The founding meeting of the Mississippi Valley Field Naturalists was held in April of 1988 at the Carleton Place Canoe Club. A Steering Committee, consisting of Steve Coaker, Carleton Place; the late Marilyn Wood, Beckwith; Mike Yee, Neil Carleton, Almonte and Cliff Bennett, Ramsay, presented a comprehensive set of by-laws for approval at this meeting. The first Annual General Meeting of MVFN was held at the Mill of Kintail, June 26, 1988, attended by twenty-nine persons. Following a picnic and nature ramble, a slate of officers was presented and Ken Bennett, Beckwith, became the club’s first president.

Professor Donaldson’s presentation is 7:30 p.m., September 18th at the Almonte United Church, 106 Elgin St., Almonte. All are welcome with a $5 fee for non-MVFN members. For further information, please contact MVFN’s Program Chair Cathy Keddy at 613-257-3089 or see MVFN’s website at www.mvfn.ca .

From the Ground, Up: Celebrating the Mississippi Valley Field Naturalists’ First 20 Years

The Mississippi Valley Field Naturalists’ (MVFN) lecture series this year proudly celebrates the club’s first 20 years by looking at local natural heritage, literally from the ground up! The Fall lecture series gets underway September 18, 2008 with Geodiversity: The Foundation for Biodiversity, a lecture by Allan Donaldson, Chair of the Friends of Canadian Geoheritage, and Professor Emeritus, Carleton University.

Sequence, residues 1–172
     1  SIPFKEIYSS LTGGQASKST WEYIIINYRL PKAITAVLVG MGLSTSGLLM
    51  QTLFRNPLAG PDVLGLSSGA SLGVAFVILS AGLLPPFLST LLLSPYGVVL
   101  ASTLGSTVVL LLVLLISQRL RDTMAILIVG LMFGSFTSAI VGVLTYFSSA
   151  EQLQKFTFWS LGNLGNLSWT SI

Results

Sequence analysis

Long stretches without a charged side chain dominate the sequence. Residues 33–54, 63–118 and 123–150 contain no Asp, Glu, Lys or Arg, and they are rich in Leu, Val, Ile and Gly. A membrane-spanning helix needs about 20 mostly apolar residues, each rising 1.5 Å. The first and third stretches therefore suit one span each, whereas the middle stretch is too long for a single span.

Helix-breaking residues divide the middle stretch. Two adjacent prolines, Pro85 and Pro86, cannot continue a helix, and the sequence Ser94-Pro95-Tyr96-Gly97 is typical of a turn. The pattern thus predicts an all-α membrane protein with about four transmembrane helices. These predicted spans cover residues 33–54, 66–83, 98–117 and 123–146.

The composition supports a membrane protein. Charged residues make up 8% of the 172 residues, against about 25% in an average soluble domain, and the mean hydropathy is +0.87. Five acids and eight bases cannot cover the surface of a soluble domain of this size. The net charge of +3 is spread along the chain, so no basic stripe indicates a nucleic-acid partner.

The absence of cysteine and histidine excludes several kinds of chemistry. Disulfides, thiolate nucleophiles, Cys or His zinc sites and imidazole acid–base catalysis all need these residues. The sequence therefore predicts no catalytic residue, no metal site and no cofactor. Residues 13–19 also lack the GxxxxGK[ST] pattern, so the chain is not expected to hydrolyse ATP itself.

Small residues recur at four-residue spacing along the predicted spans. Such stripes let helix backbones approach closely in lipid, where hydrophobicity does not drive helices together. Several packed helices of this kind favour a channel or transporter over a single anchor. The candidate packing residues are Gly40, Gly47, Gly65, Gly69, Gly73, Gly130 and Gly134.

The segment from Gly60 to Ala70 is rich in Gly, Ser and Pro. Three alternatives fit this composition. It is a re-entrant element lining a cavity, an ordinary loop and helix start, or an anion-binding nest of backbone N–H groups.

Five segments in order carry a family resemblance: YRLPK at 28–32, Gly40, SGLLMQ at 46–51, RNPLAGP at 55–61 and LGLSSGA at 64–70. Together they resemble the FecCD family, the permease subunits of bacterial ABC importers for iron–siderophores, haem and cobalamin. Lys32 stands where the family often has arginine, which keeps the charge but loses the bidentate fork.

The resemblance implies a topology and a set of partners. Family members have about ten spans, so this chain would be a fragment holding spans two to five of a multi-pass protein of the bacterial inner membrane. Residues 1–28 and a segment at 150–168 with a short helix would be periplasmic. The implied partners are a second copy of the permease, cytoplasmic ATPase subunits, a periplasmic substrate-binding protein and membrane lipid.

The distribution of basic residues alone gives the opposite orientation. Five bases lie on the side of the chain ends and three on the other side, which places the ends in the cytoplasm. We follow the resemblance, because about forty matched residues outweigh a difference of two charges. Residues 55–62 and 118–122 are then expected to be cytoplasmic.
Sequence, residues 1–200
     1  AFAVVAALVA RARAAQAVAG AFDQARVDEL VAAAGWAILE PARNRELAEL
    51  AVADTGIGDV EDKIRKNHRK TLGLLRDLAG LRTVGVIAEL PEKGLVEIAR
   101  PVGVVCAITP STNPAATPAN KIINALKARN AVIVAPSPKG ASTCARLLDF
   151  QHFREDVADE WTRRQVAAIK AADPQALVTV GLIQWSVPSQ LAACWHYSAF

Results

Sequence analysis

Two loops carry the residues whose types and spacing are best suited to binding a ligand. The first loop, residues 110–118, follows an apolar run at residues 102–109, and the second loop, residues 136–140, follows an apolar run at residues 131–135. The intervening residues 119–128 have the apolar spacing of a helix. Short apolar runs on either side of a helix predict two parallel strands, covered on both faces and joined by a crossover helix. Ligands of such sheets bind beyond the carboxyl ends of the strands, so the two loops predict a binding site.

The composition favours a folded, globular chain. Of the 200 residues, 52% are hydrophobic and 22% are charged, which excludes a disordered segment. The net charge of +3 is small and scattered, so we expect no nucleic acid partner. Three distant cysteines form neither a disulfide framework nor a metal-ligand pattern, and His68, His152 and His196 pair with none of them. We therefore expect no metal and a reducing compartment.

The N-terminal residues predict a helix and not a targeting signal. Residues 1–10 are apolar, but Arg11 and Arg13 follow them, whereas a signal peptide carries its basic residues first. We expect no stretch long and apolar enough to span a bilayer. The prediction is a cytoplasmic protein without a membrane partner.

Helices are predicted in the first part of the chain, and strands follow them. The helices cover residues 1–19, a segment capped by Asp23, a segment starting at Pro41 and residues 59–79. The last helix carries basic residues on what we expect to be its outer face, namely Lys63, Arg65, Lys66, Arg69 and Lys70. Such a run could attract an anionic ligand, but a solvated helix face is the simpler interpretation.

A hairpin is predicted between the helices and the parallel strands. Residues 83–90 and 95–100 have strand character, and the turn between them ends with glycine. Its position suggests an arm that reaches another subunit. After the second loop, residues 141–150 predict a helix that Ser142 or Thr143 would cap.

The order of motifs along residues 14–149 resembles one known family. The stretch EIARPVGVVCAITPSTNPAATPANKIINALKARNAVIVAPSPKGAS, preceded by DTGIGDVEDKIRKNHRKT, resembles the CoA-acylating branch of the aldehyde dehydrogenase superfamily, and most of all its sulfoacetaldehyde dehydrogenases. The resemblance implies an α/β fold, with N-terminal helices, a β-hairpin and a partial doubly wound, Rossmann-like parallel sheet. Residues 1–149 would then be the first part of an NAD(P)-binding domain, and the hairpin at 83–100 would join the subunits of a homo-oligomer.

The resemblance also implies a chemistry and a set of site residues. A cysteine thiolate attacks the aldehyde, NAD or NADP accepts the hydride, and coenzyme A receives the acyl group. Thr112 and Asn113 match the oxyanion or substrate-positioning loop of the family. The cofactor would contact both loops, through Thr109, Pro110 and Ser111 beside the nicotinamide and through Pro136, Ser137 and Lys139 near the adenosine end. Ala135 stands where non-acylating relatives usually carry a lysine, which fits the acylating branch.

Did you know that where we walk today was once the heart of a mountain buried beneath 30 km of rock, or flooded by the sea? From gneiss to marble, hills to valleys, and clay plains to rock barrens… is it any wonder that such extraordinary geodiversity gives rise to Lanark County’s astonishing biodiversity? To appreciate the rocks that form our familiar landscape, bring your imagination to this presentation by Dr. Donaldson for a journey far back in time to the ocean depths, erupting volcanoes, colliding and splitting continents, and a landscape locked in ice.